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Although I was born to artist parents and showed some early interest in drawing and painting, I did not give in to the urge to paint seriously until the mid-1980s. I graduated from the University of Montana (after five years, four majors and three schools!) with a degree in forestry, a reflection of the love of the outdoors that I learned from my father at an early age. In 1976, a job with the Forest Service took me from Montana to Boise, Idaho where, daunted by the prospects of having to move to Washington D.C. for a promotion, I eventually went to work for IBM, finding good success as a sales rep.

Plein air painting in the wetlands just a few steps from the studio.

In 1985, I married my husband Al, and moved to Albuquerque, New Mexico. It was there that I began to paint, and with tremendous teaching and support from some remarkable artists I soon began showing and selling my work. In 1991, Al and I moved to Colorado.

 

 

 

 

Finally, in 1997, after 17 very educational years, I left IBM to devote my time to my art. Today, I live and work outside Estes Park, Colorado (just a short drive from Rocky Mountain National Park), where my studio is surrounded by thousands of acres of National Forest. Although my community suffered extensive damage from the epic floods of September 2013, it is still a beautiful place to live and work. As reconstruction efforts continue here, I imagine it will not be long before I will once again be able to watch from my studio windows as beavers and ducks go about their day on the lake below. It continues to be a good life, and I am truly grateful to be living it this way.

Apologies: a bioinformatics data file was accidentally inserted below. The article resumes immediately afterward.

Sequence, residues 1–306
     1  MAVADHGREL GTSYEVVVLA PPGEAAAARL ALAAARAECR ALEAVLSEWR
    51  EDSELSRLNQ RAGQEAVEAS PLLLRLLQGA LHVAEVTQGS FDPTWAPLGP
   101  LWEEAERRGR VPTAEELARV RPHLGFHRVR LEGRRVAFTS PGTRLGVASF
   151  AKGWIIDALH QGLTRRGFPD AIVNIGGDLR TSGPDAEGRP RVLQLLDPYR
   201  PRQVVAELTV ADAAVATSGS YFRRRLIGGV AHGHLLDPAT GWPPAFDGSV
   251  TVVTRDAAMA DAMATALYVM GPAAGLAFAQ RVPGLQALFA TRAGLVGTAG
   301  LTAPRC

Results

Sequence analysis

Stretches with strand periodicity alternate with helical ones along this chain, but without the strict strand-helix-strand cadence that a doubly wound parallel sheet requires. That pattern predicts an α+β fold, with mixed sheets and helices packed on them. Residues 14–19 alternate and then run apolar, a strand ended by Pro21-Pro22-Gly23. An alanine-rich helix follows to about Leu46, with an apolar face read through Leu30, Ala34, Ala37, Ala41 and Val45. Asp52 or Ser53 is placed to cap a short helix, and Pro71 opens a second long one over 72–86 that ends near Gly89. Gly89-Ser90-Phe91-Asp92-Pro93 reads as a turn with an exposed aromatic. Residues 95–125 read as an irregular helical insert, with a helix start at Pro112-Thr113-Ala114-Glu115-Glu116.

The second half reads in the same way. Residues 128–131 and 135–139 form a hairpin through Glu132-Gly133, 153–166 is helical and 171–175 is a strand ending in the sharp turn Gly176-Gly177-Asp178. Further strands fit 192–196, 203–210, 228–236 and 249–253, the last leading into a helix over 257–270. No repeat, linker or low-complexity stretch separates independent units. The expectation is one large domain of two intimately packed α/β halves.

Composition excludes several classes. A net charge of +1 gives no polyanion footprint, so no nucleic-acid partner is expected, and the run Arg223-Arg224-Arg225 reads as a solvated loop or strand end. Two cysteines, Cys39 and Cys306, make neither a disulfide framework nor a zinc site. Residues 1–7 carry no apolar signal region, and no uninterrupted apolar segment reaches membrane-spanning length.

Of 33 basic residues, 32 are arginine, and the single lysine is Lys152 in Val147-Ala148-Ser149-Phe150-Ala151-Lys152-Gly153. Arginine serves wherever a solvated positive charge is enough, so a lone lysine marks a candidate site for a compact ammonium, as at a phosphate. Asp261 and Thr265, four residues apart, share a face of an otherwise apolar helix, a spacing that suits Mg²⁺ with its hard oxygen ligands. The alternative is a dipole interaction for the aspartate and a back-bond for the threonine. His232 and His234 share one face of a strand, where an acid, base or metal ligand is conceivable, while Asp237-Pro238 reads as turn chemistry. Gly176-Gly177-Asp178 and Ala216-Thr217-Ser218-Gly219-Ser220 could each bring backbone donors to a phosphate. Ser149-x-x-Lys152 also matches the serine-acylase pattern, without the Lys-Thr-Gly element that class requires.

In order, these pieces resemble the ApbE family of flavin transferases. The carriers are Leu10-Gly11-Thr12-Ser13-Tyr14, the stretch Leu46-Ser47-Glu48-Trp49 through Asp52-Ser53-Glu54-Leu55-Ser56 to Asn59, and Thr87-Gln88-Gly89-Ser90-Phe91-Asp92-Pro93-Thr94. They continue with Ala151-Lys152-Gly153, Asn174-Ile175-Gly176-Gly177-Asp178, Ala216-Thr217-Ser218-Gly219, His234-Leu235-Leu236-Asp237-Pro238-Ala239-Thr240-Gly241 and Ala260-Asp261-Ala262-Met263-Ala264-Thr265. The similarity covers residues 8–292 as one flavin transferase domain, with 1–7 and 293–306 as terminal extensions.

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I would like to give special thanks to Karen Scharer for allowing me to feature her art work on KIRSTEINFINEART.

 

 

img_7342-1Call to Action: For more informative features on the finest contemporary artists working today, please subscribe to the KIRSTEINFINEART Blog “Collector’s Choice.” Just go to the bottom of this page and click on the subscribe button. Enter your name and email. Thanks so much!